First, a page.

Freedom and Democracy Since 9/11: Freedom, Democracy and U.S. Foreign Policy
This is the second event in a two-part series. The first event, "Freedom and Democracy at Home," is scheduled for Wednesday, Sept. 8, 2021. This event, "Freedom, Democracy and U.S. Foreign Policy," will take place on Thursday, Sept. 9, 2021.
This is an online event via Zoom.
Perhaps no other event in the last 20 years has had more enduring and global repercussions than the attacks of 9/11. In response, the United States restructured the federal government, passed the USA Patriot Act and launched the global war on terror that extended to Afghanistan, Iraq and countless other countries. “Freedom” and “democracy” served as the rallying cries of such efforts, especially in response to terrorists portrayed as enemies who “hate our freedoms.” Twenty years later, America’s—and Americans’—commitments to freedom and democracy, both at home and abroad, warrant renewed reflection and deeper scrutiny.
On the twentieth anniversary of the September 11 attacks, the Center for the Study of Religion and Conflict and the Center on the Future of War are sponsoring a two-part conversation on the legacy and lessons of 9/11. These panels will give particular attention to how the forces of nationalism, populism, isolationism and nativism have shaped—and are shaping—Americans’ lives and the nation’s engagement in the world. Throughout, religion has occupied a central yet always varied place in the reaction to, and analysis of, these pivotal events and influential forces.
This second panel—Freedom, Democracy and U.S. Foreign Policy—asks panelists to consider how U.S. foreign policy has embraced or forsaken commitments to freedom and democracy so deeply aroused by the September 11 attacks. The recent US withdrawal from Afghanistan is front and center in this conversation. Yet, other US interventions over the last two decades—in Libya, Iraq, Syria and elsewhere—invite reconsideration of whether and how the United States has been a friend of or foil to freedom, self-determination and human rights for other peoples. What is the relation of the global war on terror and related efforts to “counter violent extremism” to rising forms of populism, nationalism and authoritarianism? What do the lessons of Afghanistan, Iraq and other wars suggest about the future of freedom, democracy and human rights in the world? Twenty years on from 9/11, what role is religion likely to play in international politics and the struggle for self-determination?
Please join us and our panelists:
Anand Gopal is an award-winning journalist, Type Media Center fellow and assistant research professor at the Center for the Study of Religion and Conflict and Center on the Future of War. His reporting on democratic movements, political violence and the human costs of war in Syria, Iraq and Afghanistan has appeared in The New York Times Magazine, The Atlantic, the Wall Street Journal and elsewhere. His book, “No Good Men Among the Living: America, the Taliban, and the War Through Afghan Eyes,” won the Ridenhour Book Prize, and was a finalist for the Pulitzer and National Book Award.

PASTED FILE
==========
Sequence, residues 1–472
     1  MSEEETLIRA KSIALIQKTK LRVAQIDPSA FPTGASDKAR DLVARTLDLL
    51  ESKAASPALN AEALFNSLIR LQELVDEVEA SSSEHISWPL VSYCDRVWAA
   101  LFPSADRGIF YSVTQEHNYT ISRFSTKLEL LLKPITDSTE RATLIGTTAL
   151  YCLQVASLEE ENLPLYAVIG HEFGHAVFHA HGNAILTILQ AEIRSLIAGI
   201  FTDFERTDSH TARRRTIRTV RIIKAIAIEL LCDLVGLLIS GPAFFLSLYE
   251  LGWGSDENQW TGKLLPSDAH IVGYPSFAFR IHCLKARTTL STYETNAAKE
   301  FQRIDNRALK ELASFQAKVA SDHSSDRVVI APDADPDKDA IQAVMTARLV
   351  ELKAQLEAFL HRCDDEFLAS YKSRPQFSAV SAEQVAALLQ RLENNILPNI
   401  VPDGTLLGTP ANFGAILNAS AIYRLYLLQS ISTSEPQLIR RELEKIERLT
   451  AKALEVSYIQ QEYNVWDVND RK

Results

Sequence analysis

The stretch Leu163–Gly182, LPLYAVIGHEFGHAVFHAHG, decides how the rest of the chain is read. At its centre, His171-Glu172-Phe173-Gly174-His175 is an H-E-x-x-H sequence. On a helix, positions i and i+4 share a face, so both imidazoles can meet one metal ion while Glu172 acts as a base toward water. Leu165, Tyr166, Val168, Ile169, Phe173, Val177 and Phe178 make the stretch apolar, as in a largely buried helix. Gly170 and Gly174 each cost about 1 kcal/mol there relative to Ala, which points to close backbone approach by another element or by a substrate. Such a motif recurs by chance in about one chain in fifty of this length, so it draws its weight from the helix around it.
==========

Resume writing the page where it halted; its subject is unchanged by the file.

Paul Miller is professor of practice at Georgetown University’s School of Foreign Service, with a focus on international affairs, global politics and security. Prior to joining Georgetown, he served as director for Afghanistan and Pakistan on the National Security Council staff; worked as an intelligence analyst for the CIA; and served as a military intelligence officer in the U.S. Army. His books include “American Power and Liberal Order: A Conservative Internationalist Grand Strategy” and “Armed State Building”. His current project seeks to reinterpret just war traditions in light of contemporary security challenges.
Heather Hurlburt is director of the New Models of Policy Change project at New America's Political Reform program. Prior to joining New America, she ran the National Security Network, a premier source for internationalist foreign policy messaging and advocacy, held senior positions in the White House and State Department during the Clinton administration and worked for the International Crisis Group. She is a former contributor to New York Magazine; has published articles in Politico, Foreign Affairs, The National Interest, Fortune, Vox and Time; and co-hosted the Drezburt podcast for BloggingheadsTV.
Daniel Rothenberg is co-director of the Center on the Future of War and professor of practice in the School of Politics and Global Studies at ASU. An expert on terrorism, violence and human rights, he has overseen rule of law and human rights projects in Afghanistan, Iraq, Central Africa and Latin America, including programs to train human rights NGOs, aid indigenous peoples, support gender justice and collect first-person narratives from victims of atrocities. His books include “Memory of Silence: The Guatemalan Truth Commission Report” and “Drone Wars: Transforming Conflict, Law, and Policy”.
John Carlson is interim director of the Center for the Study of Religion and Conflict and associate professor of religious studies at Arizona State University where he also co-directs the Recovering Truth project. A religious ethicist, he is co-editor of “From Jeremiad to Jihad: Religion, Violence, and America” and has written extensively on issues of war and peace, religion and violence, justice and human rights and democracy and civic life.